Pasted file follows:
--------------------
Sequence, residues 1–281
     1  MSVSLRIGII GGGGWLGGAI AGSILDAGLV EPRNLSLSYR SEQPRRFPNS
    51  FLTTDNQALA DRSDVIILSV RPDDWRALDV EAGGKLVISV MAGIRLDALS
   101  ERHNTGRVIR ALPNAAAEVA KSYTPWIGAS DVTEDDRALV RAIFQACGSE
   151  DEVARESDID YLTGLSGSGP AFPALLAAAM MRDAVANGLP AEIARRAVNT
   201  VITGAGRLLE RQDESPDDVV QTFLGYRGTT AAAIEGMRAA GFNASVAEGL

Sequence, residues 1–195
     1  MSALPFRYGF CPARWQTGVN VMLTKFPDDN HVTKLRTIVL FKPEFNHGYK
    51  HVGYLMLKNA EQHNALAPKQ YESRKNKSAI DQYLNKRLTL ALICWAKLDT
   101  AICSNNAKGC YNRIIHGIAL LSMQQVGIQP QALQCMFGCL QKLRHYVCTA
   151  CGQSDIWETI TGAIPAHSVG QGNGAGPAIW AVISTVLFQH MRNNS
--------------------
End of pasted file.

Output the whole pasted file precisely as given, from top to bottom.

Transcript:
Sequence, residues 1–281
     1  MSVSLRIGII GGGGWLGGAI AGSILDAGLV EPRNLSLSYR SEQPRRFPNS
    51  FLTTDNQALA DRSDVIILSV RPDDWRALDV EAGGKLVISV MAGIRLDALS
   101  ERHNTGRVIR ALPNAAAEVA KSYTPWIGAS DVTEDDRALV RAIFQACGSE
   151  DEVARESDID YLTGLSGSGP AFPALLAAAM MRDAVANGLP AEIARRAVNT
   201  VITGAGRLLE RQDESPDDVV QTFLGYRGTT AAAIEGMRAA GFNASVAEGL

Sequence, residues 1–195
     1  MSALPFRYGF CPARWQTGVN VMLTKFPDDN HVTKLRTIVL FKPEFNHGYK
    51  HVGYLMLKNA EQHNALAPKQ YESRKNKSAI DQYLNKRLTL ALICWAKLDT
   101  AICSNNAKGC YNRIIHGIAL LSMQQVGIQP QALQCMFGCL QKLRHYVCTA
   151  CGQSDIWETI TGAIPAHSVG QGNGAGPAIW AVISTVLFQH MRNNS